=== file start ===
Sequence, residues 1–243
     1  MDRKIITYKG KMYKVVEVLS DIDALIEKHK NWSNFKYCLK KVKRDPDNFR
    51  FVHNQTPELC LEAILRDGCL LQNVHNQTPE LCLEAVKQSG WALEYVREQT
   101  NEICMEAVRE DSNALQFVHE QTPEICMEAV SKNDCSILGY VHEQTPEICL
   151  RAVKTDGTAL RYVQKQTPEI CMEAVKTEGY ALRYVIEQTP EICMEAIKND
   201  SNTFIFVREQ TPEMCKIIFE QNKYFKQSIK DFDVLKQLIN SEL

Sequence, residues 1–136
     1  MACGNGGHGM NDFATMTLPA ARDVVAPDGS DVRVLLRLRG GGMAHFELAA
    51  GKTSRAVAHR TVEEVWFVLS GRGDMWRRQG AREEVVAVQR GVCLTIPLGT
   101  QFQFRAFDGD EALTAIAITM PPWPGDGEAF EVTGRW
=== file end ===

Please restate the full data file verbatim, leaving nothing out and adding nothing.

Sequence, residues 1–243
     1  MDRKIITYKG KMYKVVEVLS DIDALIEKHK NWSNFKYCLK KVKRDPDNFR
    51  FVHNQTPELC LEAILRDGCL LQNVHNQTPE LCLEAVKQSG WALEYVREQT
   101  NEICMEAVRE DSNALQFVHE QTPEICMEAV SKNDCSILGY VHEQTPEICL
   151  RAVKTDGTAL RYVQKQTPEI CMEAVKTEGY ALRYVIEQTP EICMEAIKND
   201  SNTFIFVREQ TPEMCKIIFE QNKYFKQSIK DFDVLKQLIN SEL

Sequence, residues 1–136
     1  MACGNGGHGM NDFATMTLPA ARDVVAPDGS DVRVLLRLRG GGMAHFELAA
    51  GKTSRAVAHR TVEEVWFVLS GRGDMWRRQG AREEVVAVQR GVCLTIPLGT
   101  QFQFRAFDGD EALTAIAITM PPWPGDGEAF EVTGRW